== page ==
Federal Suspension and Debarment of BP Jeopardizes Growth of Small Business

By Javier Palomarez

If decision makers in Washington finally put policy ahead of politics, 2014 is poised to be a transformative year for our nation’s economy. With 2013 now in our collective rearview mirror, voters and stakeholders alike are looking to the public and private sectors, in hopes they can work together to find novel solutions to preventable problems.

To make 2014 a true watershed moment for the American economy, successful pro-business policies must be replicated. Rather than obstruct, the government should enable collaboration between corporate entities and small businesses –  a model that has spurred innovation, economic development, growth, and job creation in recent years.

Unfortunately, the current federal suspension and debarment of BP from entering federal contracts severely threatens this proven business model. Following its guilty plea to violations related to the Deepwater Horizon tragedy, BP and its affiliates were suspended for an indefinite period by the Environmental Protection Agency (EPA).

BP’s small business partners – the true engines of job creation in America – were negatively impacted when the EPA extended the suspension, added new affiliates, and proposed that all of the suspended companies be debarred. In turn, the region’s small business community has been struggling ever since. There are several key indicators, confirmed by regional data and studies, which suggest it is time for relevant federal agencies to reexamine this suspension.

While it would be wrong to turn a blind eye or deaf ear to the negative environmental effects caused by the spill, it is equally imprudent to ignore BP’s substantial efforts to rectify the situation. In total, the company has paid $26 billion in government claims and clean-up, committed $1 billion to restoration, and has committed $500 million for independent scientific research over the next decade. These efforts play a crucial role in revitalizing small, medium, and large-sized firms that deliver a wide variety of services in key industries. By 2011, both tourism and commercial fishing outpaced pre-spill levels, which helped restore and bolster the region’s economy. In fact, tourism records set in 2011 were broken again in 2012, as visitors from across the country and around the world flocked to the Gulf’s beaches. Today, BP is committing $179 million to further bolster tourism in Gulf states, as well as $57 million to non-profits focusing on tourism and related industries. What happened in 2010 was tragic, but the extended federal suspension of BP and its affiliates only detriments the Gulf’s small business community, at a time when they can least afford it.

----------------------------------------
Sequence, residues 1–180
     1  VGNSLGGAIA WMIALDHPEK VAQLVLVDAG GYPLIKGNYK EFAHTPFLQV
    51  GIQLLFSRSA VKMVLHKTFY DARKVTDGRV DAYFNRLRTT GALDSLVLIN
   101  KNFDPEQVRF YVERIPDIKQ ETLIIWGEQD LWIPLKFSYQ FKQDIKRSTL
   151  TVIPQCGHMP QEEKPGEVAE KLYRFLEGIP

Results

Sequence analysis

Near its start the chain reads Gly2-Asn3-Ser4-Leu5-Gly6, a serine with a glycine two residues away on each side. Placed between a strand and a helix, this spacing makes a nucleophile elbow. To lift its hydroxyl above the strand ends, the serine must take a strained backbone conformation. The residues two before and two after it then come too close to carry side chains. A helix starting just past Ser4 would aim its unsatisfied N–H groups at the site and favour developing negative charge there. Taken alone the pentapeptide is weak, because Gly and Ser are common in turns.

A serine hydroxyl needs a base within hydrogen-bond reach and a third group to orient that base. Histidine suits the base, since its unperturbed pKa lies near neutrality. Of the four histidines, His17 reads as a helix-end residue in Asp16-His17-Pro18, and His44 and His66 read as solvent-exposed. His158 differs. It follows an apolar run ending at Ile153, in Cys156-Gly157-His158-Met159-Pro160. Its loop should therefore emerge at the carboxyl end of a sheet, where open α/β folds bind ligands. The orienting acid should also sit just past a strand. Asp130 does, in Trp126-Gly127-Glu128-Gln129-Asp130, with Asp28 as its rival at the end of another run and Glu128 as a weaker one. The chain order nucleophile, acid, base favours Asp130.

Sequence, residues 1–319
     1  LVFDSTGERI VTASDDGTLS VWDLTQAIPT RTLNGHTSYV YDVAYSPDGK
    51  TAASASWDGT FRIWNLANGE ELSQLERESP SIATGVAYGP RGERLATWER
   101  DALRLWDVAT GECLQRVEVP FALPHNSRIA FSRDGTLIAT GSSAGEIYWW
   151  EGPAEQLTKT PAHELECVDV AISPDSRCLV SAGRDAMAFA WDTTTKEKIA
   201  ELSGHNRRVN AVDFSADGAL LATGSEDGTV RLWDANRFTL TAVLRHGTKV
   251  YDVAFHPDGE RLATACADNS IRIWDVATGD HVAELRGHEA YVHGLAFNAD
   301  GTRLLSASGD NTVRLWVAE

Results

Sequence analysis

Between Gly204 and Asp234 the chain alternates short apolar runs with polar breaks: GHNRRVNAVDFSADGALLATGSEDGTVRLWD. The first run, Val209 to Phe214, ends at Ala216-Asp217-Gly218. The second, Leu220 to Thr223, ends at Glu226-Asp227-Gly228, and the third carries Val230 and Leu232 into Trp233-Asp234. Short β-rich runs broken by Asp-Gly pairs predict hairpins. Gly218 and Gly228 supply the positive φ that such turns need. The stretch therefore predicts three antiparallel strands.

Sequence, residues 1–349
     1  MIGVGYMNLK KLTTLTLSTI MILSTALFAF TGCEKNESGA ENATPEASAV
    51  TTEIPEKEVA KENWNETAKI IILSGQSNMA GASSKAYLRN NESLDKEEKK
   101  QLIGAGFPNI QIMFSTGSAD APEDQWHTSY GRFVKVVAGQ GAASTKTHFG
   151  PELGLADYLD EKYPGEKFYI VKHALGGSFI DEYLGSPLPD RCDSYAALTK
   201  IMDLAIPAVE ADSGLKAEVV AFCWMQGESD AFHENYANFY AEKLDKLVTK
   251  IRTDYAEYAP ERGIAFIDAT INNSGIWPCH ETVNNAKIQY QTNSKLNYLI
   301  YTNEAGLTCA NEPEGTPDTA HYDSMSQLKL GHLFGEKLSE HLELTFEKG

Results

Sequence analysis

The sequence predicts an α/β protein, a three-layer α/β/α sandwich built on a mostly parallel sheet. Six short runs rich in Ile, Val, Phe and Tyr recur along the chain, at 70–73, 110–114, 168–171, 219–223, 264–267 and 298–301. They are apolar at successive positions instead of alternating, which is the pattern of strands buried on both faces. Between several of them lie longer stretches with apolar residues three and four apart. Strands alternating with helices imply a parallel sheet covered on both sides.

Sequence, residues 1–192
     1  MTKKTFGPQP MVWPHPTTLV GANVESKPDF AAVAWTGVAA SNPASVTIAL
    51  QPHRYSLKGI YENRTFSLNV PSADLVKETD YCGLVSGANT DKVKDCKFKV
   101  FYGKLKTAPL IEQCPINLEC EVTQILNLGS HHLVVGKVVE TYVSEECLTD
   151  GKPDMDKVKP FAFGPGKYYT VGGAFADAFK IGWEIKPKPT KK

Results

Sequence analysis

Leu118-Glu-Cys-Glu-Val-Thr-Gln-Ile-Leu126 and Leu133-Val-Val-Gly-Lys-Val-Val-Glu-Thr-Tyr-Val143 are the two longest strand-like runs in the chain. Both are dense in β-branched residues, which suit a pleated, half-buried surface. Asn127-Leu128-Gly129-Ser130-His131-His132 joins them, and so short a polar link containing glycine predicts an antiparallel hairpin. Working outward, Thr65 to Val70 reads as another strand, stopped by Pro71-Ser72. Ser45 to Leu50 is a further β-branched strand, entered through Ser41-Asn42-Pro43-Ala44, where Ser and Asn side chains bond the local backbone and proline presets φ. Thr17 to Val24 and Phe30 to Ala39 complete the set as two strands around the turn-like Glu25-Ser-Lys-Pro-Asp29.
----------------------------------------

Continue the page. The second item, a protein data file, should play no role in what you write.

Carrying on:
The good news is that these local businesses and communities are coming back stronger than ever, and America’s energy future appears bright. In recent years, the U.S. has become increasingly independent of foreign oil. In fact, America is less reliant on oil imports than any time since 1993 – a groundbreaking milestone, born out of synchronized effort between government and business. The truth is, without BP, the second largest producer of oil and gas in our country, this accomplishment – replete with implications on our economic prosperity and national security – would not be possible.

BP is America’s largest investor in energy. Over the past five years alone, BP has invested over $55 billion in energy exploration, production, and technology in the United States. This substantial investment not only produces the energy that is critical for any business’s operations, but also supports more than a quarter million, well-paying, American jobs.

Through key investments in diversity and inclusion programs, BP is tapping into America’s most abundant and high-yielding resource: minority-owned businesses. In 2012 alone, BP contributed over $100 million dollars to Hispanic-owned businesses, and continues to spend tens of millions of dollars with America’s fastest growing entrepreneurial segment, each year. Through these initiatives, BP is fueling the engines that drive our nation’s resurgent economy.

As the White House and Congress posture and strategize for this year’s midterm elections, voters are deciding whether or not those assigned to Washington have what it takes to solve the nation’s economic problems.  Given all that is at stake, all avenues to greater economic growth must be explored.

Above all else, 2014 is a make or break moment for the White House administration, Congress, and our recovering economy. We can either move forward with a restored sense of confidence in the problem solving abilities of Washington, or force the private sector to shoulder the weight of the economy on its own in the face of continued political inaction. Last month’s bipartisan budget deal demonstrates that decision makers can set aside their differences in order to promote a healthier and more vibrant American economy.  Now, with too much at stake, small and big businesses alike are hoping for the same spirit of cooperation from the EPA.

Palomarez is the president and CEO of the United States Hispanic Chamber of Commerce. 

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